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  • Popplestone, Ann
    washingtonpost.com May-December Love With a Twist Throws Africa for a Loop Marriage Stokes Debate Over Gender Roles By Emily Wax Washington Post Foreign
    Message 1 of 1 , Jul 25 6:12 AM
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      Interesting article

      washingtonpost.com
      May-December Love With a Twist Throws Africa for a Loop
      Marriage Stokes Debate Over Gender Roles

      By Emily Wax
      Washington Post Foreign Service
      Friday, July 25, 2003; Page A18

      NAIROBI, July 24 -- Inside her misty farmhouse, the clandestine romance bloomed. She was a lonely 67-year-old widow, a former freedom fighter and a pushy Kenyan feminist already a household name in Africa. He was a shy, 25-year-old handyman from a slum who worked inside her home, had coffee-colored eyes and an unusual willingness to cook and clean.

      They held hands. He soothed her when her pacemaker made her feel weak. She captivated him with her feisty rants and saucy political stories of an African nation at independence.

      They fell in love. And last Friday, Wambui Otieno and Peter Mbugua got married.
      But the excitement that swept over the newlyweds in the last week has been everything but honeymoon bliss.
      News of a younger man marrying an older woman roared across newspaper headlines and radio shows throughout the continent. The union touched a sensitive part of the African psyche, igniting a debate over women's rights, marriage and the polar pulls of tradition and modernity.

      There were rumors that he married her for the money. And accusations that she married him to make a political statement. A jilted 23-year-old came forward, claiming to be Mbugua's live-in fiancee, saying she had wasted her youth.

      Then tragedy struck. The groom's 53-year-old mother, who had high blood pressure, died three days after the wedding, "of shock and sadness," concluded Kenya's leading daily, the Nation.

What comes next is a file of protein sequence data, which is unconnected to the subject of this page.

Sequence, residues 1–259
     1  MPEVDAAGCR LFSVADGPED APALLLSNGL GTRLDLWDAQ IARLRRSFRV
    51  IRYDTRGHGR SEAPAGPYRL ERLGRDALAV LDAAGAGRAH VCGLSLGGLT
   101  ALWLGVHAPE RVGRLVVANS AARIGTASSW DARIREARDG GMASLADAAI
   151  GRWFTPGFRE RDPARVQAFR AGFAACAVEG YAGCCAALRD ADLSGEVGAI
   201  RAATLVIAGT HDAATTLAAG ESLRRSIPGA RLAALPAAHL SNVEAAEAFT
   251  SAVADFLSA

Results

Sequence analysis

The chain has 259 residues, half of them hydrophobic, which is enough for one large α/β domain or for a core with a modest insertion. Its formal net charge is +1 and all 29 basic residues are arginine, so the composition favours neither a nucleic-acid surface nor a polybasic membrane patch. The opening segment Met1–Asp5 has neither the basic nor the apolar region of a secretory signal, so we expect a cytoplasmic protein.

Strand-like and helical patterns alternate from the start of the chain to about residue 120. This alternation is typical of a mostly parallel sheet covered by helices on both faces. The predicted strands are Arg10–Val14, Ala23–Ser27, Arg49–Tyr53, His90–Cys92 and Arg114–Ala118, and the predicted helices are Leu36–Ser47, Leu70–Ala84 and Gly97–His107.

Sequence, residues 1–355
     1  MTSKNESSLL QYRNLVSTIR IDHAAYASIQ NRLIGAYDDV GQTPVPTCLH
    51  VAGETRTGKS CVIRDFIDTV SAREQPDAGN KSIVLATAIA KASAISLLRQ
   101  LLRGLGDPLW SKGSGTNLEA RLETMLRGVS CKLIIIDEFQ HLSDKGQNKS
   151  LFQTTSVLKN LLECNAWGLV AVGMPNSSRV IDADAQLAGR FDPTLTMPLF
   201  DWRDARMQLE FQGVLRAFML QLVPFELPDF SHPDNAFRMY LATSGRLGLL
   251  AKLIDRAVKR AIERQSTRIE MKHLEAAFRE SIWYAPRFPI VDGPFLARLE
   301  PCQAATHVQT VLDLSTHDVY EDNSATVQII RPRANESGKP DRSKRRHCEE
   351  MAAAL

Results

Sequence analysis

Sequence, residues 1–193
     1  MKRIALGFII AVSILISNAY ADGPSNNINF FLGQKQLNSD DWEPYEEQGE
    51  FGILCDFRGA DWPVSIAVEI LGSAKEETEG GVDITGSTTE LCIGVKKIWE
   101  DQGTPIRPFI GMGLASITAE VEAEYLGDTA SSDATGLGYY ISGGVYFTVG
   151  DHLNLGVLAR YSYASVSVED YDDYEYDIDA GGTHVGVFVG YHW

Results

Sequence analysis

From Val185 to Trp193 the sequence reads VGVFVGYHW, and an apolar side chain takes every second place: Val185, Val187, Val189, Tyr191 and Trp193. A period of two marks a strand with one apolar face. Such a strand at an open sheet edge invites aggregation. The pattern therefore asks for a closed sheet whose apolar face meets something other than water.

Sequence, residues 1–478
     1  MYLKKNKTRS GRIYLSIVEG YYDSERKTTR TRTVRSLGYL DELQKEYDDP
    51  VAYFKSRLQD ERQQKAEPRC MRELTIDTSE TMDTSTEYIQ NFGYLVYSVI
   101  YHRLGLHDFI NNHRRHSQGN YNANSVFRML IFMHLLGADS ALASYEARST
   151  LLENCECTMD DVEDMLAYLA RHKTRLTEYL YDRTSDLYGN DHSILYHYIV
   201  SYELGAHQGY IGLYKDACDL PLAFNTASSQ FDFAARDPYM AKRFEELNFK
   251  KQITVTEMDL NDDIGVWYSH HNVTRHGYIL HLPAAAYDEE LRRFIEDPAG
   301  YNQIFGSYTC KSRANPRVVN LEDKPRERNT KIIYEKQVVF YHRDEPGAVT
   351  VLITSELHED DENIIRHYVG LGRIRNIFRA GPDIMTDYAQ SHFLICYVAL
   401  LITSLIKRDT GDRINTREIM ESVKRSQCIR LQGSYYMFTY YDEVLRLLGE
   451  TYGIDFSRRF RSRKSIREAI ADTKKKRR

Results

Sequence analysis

"Does this wedding between an old woman and a young man belong in the Guinness Book of World Records, because it has never happened before in Africa," cried Eric Amulaku, 28, standing on a Nairobi street with male friends who cheered in agreement. "She's just trying to aggravate men. In Africa, we all know that women are as old as they look. Men are as old as they feel. She's disgusting."

      In such strident tones, arguments are taking place between the sexes and across generations over a simmering tension in modern Africa: Should women have the same rights as men on a continent where diverse cultural and tribal traditions are strikingly similar in their view of distinct gender roles that almost always clash with Western ideas?

      Today's Africa is changing at a dizzying pace. But tribal traditions -- even in urban areas -- still define how most Africans live.

      In Kenya, graying men, known respectfully as mzees in Swahali, frequently marry teenage girls, since procreation is seen as a sign of male prowess and the main point of marriage.